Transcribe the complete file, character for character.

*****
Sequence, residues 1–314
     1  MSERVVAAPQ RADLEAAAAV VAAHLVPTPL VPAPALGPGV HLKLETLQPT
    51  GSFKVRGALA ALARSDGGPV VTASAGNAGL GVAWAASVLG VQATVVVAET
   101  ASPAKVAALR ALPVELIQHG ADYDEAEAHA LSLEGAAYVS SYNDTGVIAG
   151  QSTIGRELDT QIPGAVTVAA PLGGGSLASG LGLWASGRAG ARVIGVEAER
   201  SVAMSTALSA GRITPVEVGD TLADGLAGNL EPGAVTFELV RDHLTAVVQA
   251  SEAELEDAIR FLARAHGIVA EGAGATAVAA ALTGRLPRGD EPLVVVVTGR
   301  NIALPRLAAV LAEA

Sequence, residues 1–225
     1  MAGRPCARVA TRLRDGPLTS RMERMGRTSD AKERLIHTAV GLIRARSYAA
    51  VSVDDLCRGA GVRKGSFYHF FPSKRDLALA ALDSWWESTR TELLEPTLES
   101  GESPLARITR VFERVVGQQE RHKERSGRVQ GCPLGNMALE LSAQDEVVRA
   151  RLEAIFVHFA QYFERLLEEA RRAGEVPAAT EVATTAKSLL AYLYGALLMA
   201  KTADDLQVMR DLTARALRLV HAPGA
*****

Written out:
Sequence, residues 1–314
     1  MSERVVAAPQ RADLEAAAAV VAAHLVPTPL VPAPALGPGV HLKLETLQPT
    51  GSFKVRGALA ALARSDGGPV VTASAGNAGL GVAWAASVLG VQATVVVAET
   101  ASPAKVAALR ALPVELIQHG ADYDEAEAHA LSLEGAAYVS SYNDTGVIAG
   151  QSTIGRELDT QIPGAVTVAA PLGGGSLASG LGLWASGRAG ARVIGVEAER
   201  SVAMSTALSA GRITPVEVGD TLADGLAGNL EPGAVTFELV RDHLTAVVQA
   251  SEAELEDAIR FLARAHGIVA EGAGATAVAA ALTGRLPRGD EPLVVVVTGR
   301  NIALPRLAAV LAEA

Sequence, residues 1–225
     1  MAGRPCARVA TRLRDGPLTS RMERMGRTSD AKERLIHTAV GLIRARSYAA
    51  VSVDDLCRGA GVRKGSFYHF FPSKRDLALA ALDSWWESTR TELLEPTLES
   101  GESPLARITR VFERVVGQQE RHKERSGRVQ GCPLGNMALE LSAQDEVVRA
   151  RLEAIFVHFA QYFERLLEEA RRAGEVPAAT EVATTAKSLL AYLYGALLMA
   201  KTADDLQVMR DLTARALRLV HAPGA